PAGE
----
The number of frontline staff leaving ambulance services across England has almost doubled in the last five years, analysis by HSJ has found.
- Number of paramedics and technicians leaving has doubled since 2010
- East of England Ambulance Service and London Ambulance Service had the highest number of leavers
- Staff moving to A&E, NHS 111, government departments and jobs abroad
HSJ sent freedom of information requests to all 10 ambulance trusts in the country asking how many paramedics and technicians had left the organisation over the past five years.
The responses showed that staff were leaving in increasing numbers. At the nine trusts which provided year by year data, the number of frontline staff leaving jumped from 626 in 2010-11 to 1223 in 2014-15.
East of England Ambulance Service did not provide an annual breakdown, but said 1,859 had left over the five years.
These numbers do not include staff who have died, reached retirement age or explicitly told trusts they had resigned because of personal circumstances.
Staff were going to work in accident and emergency departments, urgent care centres and NHS 111 call centres, ambulance service leaders have said.
However, not all trusts provided detail on why employees had resigned.
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Martin Flaherty, managing director of the Association of Ambulance Chief Executives, said paramedics were an “increasingly valuable resource” across the health service and more widely, with some joining the Department of Work and Pensions.
He said: “There are more career opportunities for paramedics than ever before in other areas of the NHS and in the private sector, leading some to want to work elsewhere, for example in hospital A&E departments, urgent care centres, NHS 111, abroad or in other government departments, such as the DWP.”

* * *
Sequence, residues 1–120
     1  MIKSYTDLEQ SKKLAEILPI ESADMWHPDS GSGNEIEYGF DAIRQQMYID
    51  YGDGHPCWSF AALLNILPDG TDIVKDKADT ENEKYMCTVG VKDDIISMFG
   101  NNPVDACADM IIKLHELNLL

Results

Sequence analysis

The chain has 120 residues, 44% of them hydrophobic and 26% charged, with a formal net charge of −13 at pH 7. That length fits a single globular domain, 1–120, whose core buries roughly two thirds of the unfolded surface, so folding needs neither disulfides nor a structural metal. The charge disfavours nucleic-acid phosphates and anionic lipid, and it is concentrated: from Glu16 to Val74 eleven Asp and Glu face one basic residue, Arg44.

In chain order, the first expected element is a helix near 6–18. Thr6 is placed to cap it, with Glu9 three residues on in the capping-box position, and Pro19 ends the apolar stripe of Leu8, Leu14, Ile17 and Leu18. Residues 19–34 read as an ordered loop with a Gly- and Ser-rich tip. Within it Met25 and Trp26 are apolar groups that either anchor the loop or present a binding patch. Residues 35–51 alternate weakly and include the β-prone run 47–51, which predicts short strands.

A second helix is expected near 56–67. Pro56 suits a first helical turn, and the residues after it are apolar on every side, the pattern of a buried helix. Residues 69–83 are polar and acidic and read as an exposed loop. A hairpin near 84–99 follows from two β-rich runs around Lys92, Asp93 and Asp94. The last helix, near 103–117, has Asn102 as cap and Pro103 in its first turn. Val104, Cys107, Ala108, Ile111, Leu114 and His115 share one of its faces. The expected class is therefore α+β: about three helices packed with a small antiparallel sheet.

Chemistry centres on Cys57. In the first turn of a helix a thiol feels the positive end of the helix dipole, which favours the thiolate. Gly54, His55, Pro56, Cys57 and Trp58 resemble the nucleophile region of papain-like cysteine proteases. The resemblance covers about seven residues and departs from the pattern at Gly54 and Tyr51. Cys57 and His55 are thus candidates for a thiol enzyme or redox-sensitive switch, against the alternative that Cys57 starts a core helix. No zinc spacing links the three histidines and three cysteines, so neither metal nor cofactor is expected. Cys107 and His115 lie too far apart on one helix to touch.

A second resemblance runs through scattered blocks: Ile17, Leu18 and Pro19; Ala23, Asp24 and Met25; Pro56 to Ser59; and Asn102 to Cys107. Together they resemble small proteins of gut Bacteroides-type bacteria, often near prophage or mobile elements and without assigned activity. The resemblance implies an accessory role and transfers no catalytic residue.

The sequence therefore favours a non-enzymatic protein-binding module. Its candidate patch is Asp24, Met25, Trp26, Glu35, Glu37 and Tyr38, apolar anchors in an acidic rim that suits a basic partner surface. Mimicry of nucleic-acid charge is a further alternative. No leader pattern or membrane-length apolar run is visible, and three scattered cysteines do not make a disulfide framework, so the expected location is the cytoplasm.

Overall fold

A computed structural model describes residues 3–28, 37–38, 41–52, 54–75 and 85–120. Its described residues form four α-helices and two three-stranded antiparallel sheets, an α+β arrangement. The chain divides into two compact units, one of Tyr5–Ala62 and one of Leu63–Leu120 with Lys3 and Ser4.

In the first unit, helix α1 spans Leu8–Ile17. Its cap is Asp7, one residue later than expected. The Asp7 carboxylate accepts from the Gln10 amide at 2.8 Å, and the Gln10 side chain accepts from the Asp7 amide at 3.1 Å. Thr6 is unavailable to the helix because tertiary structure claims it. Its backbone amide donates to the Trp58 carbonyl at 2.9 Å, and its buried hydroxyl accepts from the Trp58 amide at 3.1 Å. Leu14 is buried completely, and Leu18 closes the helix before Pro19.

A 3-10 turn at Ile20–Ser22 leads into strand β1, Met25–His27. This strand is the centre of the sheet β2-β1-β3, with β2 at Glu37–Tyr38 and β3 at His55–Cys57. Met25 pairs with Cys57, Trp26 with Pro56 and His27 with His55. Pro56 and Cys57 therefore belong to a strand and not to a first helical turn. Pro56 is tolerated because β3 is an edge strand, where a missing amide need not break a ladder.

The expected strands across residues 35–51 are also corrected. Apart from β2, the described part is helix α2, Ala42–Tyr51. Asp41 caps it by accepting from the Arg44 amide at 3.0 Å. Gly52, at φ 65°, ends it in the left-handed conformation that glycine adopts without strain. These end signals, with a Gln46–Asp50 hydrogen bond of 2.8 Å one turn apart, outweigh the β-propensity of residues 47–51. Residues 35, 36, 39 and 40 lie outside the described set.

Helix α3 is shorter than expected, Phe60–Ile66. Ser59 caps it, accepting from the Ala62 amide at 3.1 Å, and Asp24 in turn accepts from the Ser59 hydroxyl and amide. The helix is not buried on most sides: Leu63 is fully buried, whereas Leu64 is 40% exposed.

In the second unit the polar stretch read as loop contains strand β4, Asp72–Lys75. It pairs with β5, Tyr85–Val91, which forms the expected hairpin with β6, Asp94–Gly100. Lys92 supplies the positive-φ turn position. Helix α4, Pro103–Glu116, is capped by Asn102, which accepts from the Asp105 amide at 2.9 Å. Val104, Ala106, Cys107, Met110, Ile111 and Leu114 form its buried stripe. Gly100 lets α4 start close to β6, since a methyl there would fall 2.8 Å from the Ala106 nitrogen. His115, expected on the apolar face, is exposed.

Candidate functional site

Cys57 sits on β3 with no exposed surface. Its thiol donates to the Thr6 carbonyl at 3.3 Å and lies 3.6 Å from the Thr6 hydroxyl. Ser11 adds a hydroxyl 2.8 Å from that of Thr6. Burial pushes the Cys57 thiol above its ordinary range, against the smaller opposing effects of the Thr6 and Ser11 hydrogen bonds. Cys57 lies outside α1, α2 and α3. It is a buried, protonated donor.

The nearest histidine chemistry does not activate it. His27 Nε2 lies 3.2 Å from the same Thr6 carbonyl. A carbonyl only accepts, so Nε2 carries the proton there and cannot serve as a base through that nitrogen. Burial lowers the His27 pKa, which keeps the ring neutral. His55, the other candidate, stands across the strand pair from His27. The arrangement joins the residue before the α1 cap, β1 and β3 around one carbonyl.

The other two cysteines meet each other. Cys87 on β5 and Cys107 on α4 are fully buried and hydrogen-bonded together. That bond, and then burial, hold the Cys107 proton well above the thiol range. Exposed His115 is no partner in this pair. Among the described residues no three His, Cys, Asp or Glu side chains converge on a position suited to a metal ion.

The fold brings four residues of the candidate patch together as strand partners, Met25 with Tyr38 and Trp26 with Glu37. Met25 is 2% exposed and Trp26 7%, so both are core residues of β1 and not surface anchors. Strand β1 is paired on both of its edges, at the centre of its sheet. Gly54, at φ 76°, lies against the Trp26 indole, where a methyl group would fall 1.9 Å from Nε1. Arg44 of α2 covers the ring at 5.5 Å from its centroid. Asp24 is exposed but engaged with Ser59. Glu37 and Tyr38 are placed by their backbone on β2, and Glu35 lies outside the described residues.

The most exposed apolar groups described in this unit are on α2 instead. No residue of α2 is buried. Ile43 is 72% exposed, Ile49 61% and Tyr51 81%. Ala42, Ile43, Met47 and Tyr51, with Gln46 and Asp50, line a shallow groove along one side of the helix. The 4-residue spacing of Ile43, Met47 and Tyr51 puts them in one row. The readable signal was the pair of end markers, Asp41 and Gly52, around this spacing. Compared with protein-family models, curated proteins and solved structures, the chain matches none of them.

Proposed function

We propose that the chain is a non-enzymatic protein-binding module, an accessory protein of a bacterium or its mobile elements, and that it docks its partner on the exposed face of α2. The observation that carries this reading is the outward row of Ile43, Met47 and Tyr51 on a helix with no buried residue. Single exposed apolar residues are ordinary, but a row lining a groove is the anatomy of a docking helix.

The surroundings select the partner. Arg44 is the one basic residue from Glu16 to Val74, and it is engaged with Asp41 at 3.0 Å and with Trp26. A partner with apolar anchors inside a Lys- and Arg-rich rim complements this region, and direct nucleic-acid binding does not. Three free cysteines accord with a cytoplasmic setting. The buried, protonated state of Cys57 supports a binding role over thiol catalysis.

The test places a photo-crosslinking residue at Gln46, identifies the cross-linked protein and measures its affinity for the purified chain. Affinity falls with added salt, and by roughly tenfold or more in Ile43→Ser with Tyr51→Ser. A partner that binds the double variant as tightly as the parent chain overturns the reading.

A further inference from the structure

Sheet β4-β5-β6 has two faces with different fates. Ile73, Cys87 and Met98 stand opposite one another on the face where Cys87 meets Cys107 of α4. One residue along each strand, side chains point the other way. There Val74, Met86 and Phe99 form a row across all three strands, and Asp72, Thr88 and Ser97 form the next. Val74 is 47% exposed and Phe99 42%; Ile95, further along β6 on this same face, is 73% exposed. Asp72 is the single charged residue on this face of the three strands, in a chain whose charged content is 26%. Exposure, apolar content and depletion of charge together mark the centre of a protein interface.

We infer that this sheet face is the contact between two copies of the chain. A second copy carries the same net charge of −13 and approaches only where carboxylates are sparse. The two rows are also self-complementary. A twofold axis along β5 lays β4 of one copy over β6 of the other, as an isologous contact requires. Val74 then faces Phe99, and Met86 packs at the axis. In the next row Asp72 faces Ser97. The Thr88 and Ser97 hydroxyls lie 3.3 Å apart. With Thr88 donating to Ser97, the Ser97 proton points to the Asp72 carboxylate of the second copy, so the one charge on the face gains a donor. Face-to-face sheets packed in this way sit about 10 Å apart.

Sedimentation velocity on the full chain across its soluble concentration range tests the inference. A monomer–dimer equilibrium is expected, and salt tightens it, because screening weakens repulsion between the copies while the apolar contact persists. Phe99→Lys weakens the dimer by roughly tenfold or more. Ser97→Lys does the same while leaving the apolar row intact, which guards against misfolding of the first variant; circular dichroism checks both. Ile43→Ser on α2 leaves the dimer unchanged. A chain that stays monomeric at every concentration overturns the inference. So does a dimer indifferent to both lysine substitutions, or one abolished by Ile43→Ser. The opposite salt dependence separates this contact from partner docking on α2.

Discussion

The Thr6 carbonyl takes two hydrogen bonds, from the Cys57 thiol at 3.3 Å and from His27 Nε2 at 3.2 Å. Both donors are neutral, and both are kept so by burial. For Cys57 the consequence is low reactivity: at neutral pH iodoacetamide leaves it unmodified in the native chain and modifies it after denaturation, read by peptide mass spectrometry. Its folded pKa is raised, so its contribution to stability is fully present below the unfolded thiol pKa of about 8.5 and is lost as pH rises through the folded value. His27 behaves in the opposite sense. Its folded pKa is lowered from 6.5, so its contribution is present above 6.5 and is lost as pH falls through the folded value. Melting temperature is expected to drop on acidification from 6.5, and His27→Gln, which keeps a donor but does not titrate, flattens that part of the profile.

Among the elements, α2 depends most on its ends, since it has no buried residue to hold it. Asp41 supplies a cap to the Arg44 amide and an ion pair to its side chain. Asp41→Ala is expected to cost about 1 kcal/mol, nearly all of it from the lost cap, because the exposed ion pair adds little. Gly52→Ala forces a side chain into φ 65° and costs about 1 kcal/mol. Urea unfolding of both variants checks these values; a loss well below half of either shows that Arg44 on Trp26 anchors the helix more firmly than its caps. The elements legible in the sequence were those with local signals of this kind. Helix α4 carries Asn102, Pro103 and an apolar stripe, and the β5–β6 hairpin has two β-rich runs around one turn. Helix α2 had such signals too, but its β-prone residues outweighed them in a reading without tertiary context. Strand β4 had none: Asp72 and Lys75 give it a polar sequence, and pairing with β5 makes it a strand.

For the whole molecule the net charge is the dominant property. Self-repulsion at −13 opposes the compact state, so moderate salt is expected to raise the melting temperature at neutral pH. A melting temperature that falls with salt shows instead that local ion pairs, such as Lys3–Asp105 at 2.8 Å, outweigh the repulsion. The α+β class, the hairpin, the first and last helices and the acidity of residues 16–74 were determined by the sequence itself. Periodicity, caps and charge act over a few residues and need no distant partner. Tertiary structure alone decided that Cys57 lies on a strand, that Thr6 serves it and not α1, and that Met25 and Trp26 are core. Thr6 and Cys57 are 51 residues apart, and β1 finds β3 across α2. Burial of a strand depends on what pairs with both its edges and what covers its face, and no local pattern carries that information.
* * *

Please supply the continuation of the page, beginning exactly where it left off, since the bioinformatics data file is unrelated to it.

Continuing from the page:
East of England and London ambulance services had the highest number of staff leaving over five years.
Out of the 390 employees who gave a reason for voluntarily resigning from East of England Ambulance Service between 2010 and 2015:
- 146 resigned because of the work-life balance;
- 116 wanted a better rewards package; and
- 38 because of a lack of opportunities.
The trust had not provided a comment by the time HSJ published this story.
A spokeswoman for London Ambulance Service said: “Every year demand increases and, in addition to this, we’re facing a shortage of paramedics in the UK, which we know puts pressure on our staff. There are also more opportunities for them now compared to five years ago, for example, working in emergency departments, for NHS 111 or going abroad.”
At South Central Ambulance Service Trust 32 people left in 2010-11, rising to 100 in 2014-15. Last year 28 voluntarily resigned because they wanted a better work-life balance, and six left because of a “lack of opportunities”.
A spokeswoman for South Central said that while staff numbers had “naturally fluctuated” there has been an “overall upward trend” over the last five years.
While the majority of ambulance trusts did not reveal the specific destinations of outgoing employees, South Central said nine staff had moved to Oxford Health Foundation Trust in the last two years.
Health Education England has increased the number of training places for paramedics by 44 per cent in its 2015-16 national workforce plan.
However, the plan notes: “These additional commissions, however, will not produce qualified paramedics until 2016-17, and our forecasts suggest a potential gap between demand and supply in the coming year.
“We have therefore recommended that paramedics are placed on the government’s shortage occupation list, and HEE will work with ambulance leaders and wider system partners to discuss our data (which only covers the NHS) and agree action to ensure sufficient supply in advance of our new trainees qualifying.”
This story has been updated to include figures from London Ambulance Service that were provided after publication